A Survey of Tick Surveillance and Control Practices in the United States

Emily M Mader, Claudia Ganser, Annie Geiger, Laura C Harrington, Janet Foley, Rebecca L Smith, Nohra Mateus-Pinilla, Pete D Teel, Rebecca J Eisen, Holly Gaff

Research output: Contribution to journalArticlepeer-review


Tickborne diseases are an increasing public health threat in the United States. Prevention and diagnosis of tickborne diseases are improved by access to current and accurate information on where medically important ticks and their associated human and veterinary pathogens are present, their local abundance or prevalence, and when ticks are actively seeking hosts. The true extent of tick and tickborne pathogen expansion is poorly defined, in part because of a lack of nationally standardized tick surveillance. We surveyed 140 vector-borne disease professionals working in state, county, and local public health and vector control agencies to assess their 1) tick surveillance program objectives, 2) pathogen testing methods, 3) tick control practices, 4) data communication strategies, and 5) barriers to program development and operation. Fewer than half of respondents reported that their jurisdiction was engaged in routine, active tick surveillance, but nearly two-thirds reported engaging in passive tick surveillance. Detection of tick presence was the most commonly stated current surveillance objective (76.2%). Most of the programs currently supporting tick pathogen testing were in the Northeast (70.8%), Upper and Central Midwest (64.3%), and the West (71.4%) regions. The most common pathogens screened for were Rickettsia spp. (Rickettsiales: Rickettsiaceae) and bacterial and viral agents transmitted by Ixodes (Acari: Ixodidae) ticks. Only 12% of respondents indicated their jurisdiction directly conducts or otherwise financially supports tick control. Responses indicated that their ability to expand the capacity of tick surveillance and control programs was impeded by inconsistent funding, limited infrastructure, guidance on best practices, and institutional capacity to perform these functions.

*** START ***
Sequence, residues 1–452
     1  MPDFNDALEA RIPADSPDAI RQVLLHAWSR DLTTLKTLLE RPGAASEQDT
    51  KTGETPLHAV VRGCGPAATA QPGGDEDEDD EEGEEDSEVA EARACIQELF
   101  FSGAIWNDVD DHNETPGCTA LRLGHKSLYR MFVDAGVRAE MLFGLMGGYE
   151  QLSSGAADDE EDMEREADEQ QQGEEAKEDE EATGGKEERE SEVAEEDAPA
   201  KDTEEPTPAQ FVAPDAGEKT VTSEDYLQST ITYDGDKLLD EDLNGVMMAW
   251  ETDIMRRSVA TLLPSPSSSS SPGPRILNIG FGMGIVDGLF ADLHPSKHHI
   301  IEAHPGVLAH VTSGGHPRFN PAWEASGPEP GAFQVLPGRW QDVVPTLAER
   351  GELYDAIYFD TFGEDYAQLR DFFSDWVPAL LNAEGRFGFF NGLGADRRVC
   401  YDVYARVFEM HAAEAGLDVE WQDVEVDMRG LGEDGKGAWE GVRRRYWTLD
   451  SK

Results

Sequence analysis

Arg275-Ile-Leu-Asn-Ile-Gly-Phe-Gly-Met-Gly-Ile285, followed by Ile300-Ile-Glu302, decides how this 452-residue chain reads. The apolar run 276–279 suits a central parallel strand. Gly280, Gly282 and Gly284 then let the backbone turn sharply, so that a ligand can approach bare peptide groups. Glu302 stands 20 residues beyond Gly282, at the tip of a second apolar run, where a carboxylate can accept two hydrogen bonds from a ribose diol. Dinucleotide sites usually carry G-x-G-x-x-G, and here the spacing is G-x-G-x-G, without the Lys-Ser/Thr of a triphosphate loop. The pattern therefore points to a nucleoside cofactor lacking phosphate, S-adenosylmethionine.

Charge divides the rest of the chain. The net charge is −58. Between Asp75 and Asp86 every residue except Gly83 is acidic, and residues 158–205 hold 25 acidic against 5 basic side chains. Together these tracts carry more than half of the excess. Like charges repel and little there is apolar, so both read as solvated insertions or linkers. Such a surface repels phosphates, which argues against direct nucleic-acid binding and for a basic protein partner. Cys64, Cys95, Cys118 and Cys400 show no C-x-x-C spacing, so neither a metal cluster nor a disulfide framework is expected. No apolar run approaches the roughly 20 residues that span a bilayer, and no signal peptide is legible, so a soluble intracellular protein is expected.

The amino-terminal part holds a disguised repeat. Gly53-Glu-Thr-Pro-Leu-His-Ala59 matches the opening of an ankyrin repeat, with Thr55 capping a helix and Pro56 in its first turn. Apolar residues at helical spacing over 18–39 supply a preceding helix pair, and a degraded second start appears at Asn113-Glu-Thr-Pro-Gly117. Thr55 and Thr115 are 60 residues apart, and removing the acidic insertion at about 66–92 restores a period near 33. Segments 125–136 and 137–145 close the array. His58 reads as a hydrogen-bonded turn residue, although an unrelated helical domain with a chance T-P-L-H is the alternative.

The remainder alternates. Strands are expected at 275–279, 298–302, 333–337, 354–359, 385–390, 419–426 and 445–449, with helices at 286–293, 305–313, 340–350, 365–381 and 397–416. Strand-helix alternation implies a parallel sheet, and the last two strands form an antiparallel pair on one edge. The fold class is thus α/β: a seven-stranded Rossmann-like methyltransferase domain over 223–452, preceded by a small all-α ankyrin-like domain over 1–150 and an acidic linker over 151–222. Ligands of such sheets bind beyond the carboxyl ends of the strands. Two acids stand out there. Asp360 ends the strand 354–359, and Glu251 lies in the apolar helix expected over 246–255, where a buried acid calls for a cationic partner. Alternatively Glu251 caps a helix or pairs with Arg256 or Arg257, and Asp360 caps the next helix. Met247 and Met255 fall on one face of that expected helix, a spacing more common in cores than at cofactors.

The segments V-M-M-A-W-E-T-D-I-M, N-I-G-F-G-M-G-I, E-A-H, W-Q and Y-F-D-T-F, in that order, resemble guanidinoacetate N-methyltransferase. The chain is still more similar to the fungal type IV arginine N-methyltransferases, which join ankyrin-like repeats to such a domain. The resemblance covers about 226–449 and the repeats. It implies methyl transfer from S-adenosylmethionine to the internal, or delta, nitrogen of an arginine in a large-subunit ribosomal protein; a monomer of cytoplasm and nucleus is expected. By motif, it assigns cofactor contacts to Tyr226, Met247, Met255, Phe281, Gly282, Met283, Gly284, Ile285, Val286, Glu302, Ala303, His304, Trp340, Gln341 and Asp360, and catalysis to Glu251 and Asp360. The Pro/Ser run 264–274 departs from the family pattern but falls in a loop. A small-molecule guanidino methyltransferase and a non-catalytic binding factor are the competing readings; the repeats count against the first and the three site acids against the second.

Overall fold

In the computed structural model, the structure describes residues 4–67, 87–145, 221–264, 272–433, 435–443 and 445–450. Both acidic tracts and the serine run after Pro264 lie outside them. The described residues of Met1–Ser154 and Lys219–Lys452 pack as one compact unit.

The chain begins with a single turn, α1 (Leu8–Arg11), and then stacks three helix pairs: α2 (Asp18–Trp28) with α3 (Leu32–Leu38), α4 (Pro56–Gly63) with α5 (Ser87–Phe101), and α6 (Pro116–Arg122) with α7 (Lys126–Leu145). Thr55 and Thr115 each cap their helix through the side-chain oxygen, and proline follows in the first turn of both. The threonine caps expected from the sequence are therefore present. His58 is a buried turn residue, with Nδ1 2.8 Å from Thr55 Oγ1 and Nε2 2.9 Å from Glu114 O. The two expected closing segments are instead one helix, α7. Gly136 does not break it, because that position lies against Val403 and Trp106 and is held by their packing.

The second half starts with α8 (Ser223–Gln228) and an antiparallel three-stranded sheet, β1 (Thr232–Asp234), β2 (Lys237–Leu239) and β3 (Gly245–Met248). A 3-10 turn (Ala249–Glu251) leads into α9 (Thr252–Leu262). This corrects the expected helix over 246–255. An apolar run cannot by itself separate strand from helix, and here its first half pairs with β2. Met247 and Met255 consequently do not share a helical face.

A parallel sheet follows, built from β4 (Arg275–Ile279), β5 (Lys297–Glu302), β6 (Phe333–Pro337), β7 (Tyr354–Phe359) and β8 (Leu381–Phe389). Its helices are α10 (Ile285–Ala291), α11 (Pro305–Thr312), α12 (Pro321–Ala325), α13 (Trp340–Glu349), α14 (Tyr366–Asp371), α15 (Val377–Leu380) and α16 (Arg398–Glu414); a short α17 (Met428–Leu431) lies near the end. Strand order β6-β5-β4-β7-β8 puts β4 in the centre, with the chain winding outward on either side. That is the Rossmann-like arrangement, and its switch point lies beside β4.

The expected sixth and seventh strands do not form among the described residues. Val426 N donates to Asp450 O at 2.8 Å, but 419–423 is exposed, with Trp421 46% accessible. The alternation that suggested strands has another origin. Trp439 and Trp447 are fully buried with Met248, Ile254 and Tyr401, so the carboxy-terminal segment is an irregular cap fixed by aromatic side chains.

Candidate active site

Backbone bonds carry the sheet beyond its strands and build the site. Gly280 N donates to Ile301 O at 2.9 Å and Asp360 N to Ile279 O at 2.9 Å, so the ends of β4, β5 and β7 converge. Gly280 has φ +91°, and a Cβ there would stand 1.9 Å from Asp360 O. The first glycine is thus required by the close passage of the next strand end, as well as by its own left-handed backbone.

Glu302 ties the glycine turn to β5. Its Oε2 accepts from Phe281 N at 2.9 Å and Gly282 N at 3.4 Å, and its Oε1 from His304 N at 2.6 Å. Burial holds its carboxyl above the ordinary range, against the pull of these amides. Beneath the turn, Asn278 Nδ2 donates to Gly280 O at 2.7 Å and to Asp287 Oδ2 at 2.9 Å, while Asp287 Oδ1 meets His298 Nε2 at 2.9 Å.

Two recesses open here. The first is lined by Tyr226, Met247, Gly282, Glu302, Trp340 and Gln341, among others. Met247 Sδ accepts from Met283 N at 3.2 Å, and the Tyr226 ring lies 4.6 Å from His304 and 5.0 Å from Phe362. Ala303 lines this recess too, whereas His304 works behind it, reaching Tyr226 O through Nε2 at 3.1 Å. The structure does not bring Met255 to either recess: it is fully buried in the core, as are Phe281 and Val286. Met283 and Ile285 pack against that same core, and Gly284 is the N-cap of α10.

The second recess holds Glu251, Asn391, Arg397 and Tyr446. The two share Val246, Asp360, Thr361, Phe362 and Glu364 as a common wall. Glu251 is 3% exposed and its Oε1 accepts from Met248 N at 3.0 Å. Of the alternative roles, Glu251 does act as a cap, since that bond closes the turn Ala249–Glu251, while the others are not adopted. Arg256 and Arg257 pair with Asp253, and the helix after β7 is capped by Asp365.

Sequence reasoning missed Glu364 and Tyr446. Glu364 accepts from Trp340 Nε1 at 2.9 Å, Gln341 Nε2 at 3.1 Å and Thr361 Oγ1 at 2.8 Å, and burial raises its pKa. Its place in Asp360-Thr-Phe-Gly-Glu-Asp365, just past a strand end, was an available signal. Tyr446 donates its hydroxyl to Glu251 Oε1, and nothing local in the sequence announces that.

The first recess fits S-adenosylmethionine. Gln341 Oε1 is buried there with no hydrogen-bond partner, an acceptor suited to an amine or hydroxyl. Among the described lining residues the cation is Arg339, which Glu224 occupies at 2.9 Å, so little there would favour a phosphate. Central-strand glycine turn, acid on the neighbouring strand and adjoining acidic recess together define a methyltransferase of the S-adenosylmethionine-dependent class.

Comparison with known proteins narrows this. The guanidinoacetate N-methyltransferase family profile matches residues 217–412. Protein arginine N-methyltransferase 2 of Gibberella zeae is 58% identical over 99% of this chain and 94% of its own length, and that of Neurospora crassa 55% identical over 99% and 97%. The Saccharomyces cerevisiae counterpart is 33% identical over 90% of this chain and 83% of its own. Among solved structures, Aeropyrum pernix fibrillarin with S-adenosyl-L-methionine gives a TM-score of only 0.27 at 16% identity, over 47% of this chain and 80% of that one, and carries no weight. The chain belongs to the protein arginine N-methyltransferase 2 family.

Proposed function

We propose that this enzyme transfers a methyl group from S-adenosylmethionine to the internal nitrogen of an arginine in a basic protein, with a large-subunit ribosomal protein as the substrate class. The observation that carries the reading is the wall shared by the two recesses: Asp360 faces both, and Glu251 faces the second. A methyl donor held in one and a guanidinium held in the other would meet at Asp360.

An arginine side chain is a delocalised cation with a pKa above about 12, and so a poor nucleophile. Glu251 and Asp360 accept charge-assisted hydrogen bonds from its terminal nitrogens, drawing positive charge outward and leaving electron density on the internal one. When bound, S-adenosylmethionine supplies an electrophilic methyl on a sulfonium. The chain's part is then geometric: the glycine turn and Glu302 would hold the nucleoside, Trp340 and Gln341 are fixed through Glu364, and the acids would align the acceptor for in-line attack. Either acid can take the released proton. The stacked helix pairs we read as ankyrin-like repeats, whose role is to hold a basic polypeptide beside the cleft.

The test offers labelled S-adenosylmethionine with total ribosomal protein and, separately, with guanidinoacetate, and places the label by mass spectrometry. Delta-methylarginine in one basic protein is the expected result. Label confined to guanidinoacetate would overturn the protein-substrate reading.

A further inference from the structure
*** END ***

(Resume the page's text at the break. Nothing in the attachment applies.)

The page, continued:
Original languageEnglish (US)
Pages (from-to)1503-1512
Number of pages10
JournalJournal of medical entomology
Issue number4
StatePublished - Jul 2021


  • One Health
  • online survey
  • surveillance
  • tick
  • tickborne disease

ASJC Scopus subject areas

  • General Veterinary
  • Insect Science
  • Infectious Diseases
  • Parasitology


Dive into the research topics of 'A Survey of Tick Surveillance and Control Practices in the United States'. Together they form a unique fingerprint.

Cite this